ELAINE DE KOONING (1918-1989)

 
“Home” (1953) was painted during the pinnacle of the Abstract Expressionist movement. However, the present work rejects complete abstraction and retains three figures as the subject of the composition.  Elaine De Kooning was a master of observation; “Home” is a powerful study of composition and form. The figures are portrayed with painterly brushwork, as de Kooning was a master of utilizing the power of thick brushwork as an emotive tool. Prior to the revolution of Abstract Expressionism, feeling and emotion in art were primarily conveyed through facial expressions and traditional memes.  Today, Elaine De Kooning’s matter-of-fact and direct style is widely accepted as a significant contribution to the development of American Art in the Twentieth Century. “Home” (1953) was painted during the pinnacle of the Abstract Expressionist movement. However, the present work rejects complete abstraction and retains three figures as the subject of the composition.  Elaine De Kooning was a master of observation; “Home” is a powerful study of composition and form. The figures are portrayed with painterly brushwork, as de Kooning was a master of utilizing the power of thick brushwork as an emotive tool. Prior to the revolution of Abstract Expressionism, feeling and emotion in art were primarily conveyed through facial expressions and traditional memes.  Today, Elaine De Kooning’s matter-of-fact and direct style is widely accepted as a significant contribution to the development of American Art in the Twentieth Century. “Home” (1953) was painted during the pinnacle of the Abstract Expressionist movement. However, the present work rejects complete abstraction and retains three figures as the subject of the composition.  Elaine De Kooning was a master of observation; “Home” is a powerful study of composition and form. The figures are portrayed with painterly brushwork, as de Kooning was a master of utilizing the power of thick brushwork as an emotive tool. Prior to the revolution of Abstract Expressionism, feeling and emotion in art were primarily conveyed through facial expressions and traditional memes.  Today, Elaine De Kooning’s matter-of-fact and direct style is widely accepted as a significant contribution to the development of American Art in the Twentieth Century. “Home” (1953) was painted during the pinnacle of the Abstract Expressionist movement. However, the present work rejects complete abstraction and retains three figures as the subject of the composition.  Elaine De Kooning was a master of observation; “Home” is a powerful study of composition and form. The figures are portrayed with painterly brushwork, as de Kooning was a master of utilizing the power of thick brushwork as an emotive tool. Prior to the revolution of Abstract Expressionism, feeling and emotion in art were primarily conveyed through facial expressions and traditional memes.  Today, Elaine De Kooning’s matter-of-fact and direct style is widely accepted as a significant contribution to the development of American Art in the Twentieth Century. “Home” (1953) was painted during the pinnacle of the Abstract Expressionist movement. However, the present work rejects complete abstraction and retains three figures as the subject of the composition.  Elaine De Kooning was a master of observation; “Home” is a powerful study of composition and form. The figures are portrayed with painterly brushwork, as de Kooning was a master of utilizing the power of thick brushwork as an emotive tool. Prior to the revolution of Abstract Expressionism, feeling and emotion in art were primarily conveyed through facial expressions and traditional memes.  Today, Elaine De Kooning’s matter-of-fact and direct style is widely accepted as a significant contribution to the development of American Art in the Twentieth Century. “Home” (1953) was painted during the pinnacle of the Abstract Expressionist movement. However, the present work rejects complete abstraction and retains three figures as the subject of the composition.  Elaine De Kooning was a master of observation; “Home” is a powerful study of composition and form. The figures are portrayed with painterly brushwork, as de Kooning was a master of utilizing the power of thick brushwork as an emotive tool. Prior to the revolution of Abstract Expressionism, feeling and emotion in art were primarily conveyed through facial expressions and traditional memes.  Today, Elaine De Kooning’s matter-of-fact and direct style is widely accepted as a significant contribution to the development of American Art in the Twentieth Century. “Home” (1953) was painted during the pinnacle of the Abstract Expressionist movement. However, the present work rejects complete abstraction and retains three figures as the subject of the composition.  Elaine De Kooning was a master of observation; “Home” is a powerful study of composition and form. The figures are portrayed with painterly brushwork, as de Kooning was a master of utilizing the power of thick brushwork as an emotive tool. Prior to the revolution of Abstract Expressionism, feeling and emotion in art were primarily conveyed through facial expressions and traditional memes.  Today, Elaine De Kooning’s matter-of-fact and direct style is widely accepted as a significant contribution to the development of American Art in the Twentieth Century. “Home” (1953) was painted during the pinnacle of the Abstract Expressionist movement. However, the present work rejects complete abstraction and retains three figures as the subject of the composition.  Elaine De Kooning was a master of observation; “Home” is a powerful study of composition and form. The figures are portrayed with painterly brushwork, as de Kooning was a master of utilizing the power of thick brushwork as an emotive tool. Prior to the revolution of Abstract Expressionism, feeling and emotion in art were primarily conveyed through facial expressions and traditional memes.  Today, Elaine De Kooning’s matter-of-fact and direct style is widely accepted as a significant contribution to the development of American Art in the Twentieth Century. “Home” (1953) was painted during the pinnacle of the Abstract Expressionist movement. However, the present work rejects complete abstraction and retains three figures as the subject of the composition.  Elaine De Kooning was a master of observation; “Home” is a powerful study of composition and form. The figures are portrayed with painterly brushwork, as de Kooning was a master of utilizing the power of thick brushwork as an emotive tool. Prior to the revolution of Abstract Expressionism, feeling and emotion in art were primarily conveyed through facial expressions and traditional memes.  Today, Elaine De Kooning’s matter-of-fact and direct style is widely accepted as a significant contribution to the development of American Art in the Twentieth Century. “Home” (1953) was painted during the pinnacle of the Abstract Expressionist movement. However, the present work rejects complete abstraction and retains three figures as the subject of the composition.  Elaine De Kooning was a master of observation; “Home” is a powerful study of composition and form. The figures are portrayed with painterly brushwork, as de Kooning was a master of utilizing the power of thick brushwork as an emotive tool. Prior to the revolution of Abstract Expressionism, feeling and emotion in art were primarily conveyed through facial expressions and traditional memes.  Today, Elaine De Kooning’s matter-of-fact and direct style is widely accepted as a significant contribution to the development of American Art in the Twentieth Century.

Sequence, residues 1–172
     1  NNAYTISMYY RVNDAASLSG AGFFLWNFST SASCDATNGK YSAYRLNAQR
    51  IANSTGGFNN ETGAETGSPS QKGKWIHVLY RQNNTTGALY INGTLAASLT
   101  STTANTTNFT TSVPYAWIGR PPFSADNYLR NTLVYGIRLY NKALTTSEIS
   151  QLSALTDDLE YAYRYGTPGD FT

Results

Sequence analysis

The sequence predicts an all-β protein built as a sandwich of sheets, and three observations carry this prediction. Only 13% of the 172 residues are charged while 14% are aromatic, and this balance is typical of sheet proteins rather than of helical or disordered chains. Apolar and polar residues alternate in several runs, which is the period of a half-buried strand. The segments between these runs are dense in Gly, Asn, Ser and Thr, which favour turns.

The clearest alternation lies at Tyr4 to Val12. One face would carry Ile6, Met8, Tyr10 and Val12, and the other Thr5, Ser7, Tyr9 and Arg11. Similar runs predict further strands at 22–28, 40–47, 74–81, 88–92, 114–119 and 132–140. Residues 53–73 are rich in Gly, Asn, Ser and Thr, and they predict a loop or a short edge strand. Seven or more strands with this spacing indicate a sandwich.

Home195317 1/2 x 14 in.(44.45 x 35.56 cm) oil on masonite
Provenance
Hackett-Freedman Gallery, San Francisco
[Sale] Heritage Auctions, Modern & Contemporary Art Auction, Dallas, Oct. 27, 2010, lot 72045
Private Collection, purchased from the above
[Sale] DOYLE'S, Important Paintings, New York, SALE 20PT01, May 20th, 2020 - Lot 7
Mark Borghi, Sag Harbor, New York
Magis Collection, Minneapolis, Minnesota
Exhibition
Elaine de Kooning: Portraits, Apr 3 - May 31, 2003, Hackett-Freedman Gallery, San Francisco

100,000

“Home” (1953) was painted during the pinnacle of the Abstract Expressionist movement. However, the present work rejects complete abstraction and retains three figures as the subject of the composition. Elaine De Kooning was a master of observation; “Home” is a powerful study of composition and form. The figures are portrayed with painterly brushwork, as de Kooning was a master of utilizing the power of thick brushwork as an emotive tool. Prior to the revolution of Abstract Expressionism, feeling and emotion in art were primarily conveyed through facial expressions and traditional memes. Today, Elaine De Kooning’s matter-of-fact and direct style is widely accepted as a significant contribution to the development of American Art in the Twentieth Century.